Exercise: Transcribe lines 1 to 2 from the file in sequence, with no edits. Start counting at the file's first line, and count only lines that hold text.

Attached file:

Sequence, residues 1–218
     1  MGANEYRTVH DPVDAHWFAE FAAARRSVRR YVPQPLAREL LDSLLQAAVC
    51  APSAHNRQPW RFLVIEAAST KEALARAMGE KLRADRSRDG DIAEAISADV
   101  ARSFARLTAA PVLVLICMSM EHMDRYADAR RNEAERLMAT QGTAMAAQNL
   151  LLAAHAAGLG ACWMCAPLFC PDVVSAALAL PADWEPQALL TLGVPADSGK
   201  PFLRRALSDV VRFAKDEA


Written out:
Sequence, residues 1–218
     1  MGANEYRTVH DPVDAHWFAE FAAARRSVRR YVPQPLAREL LDSLLQAAVC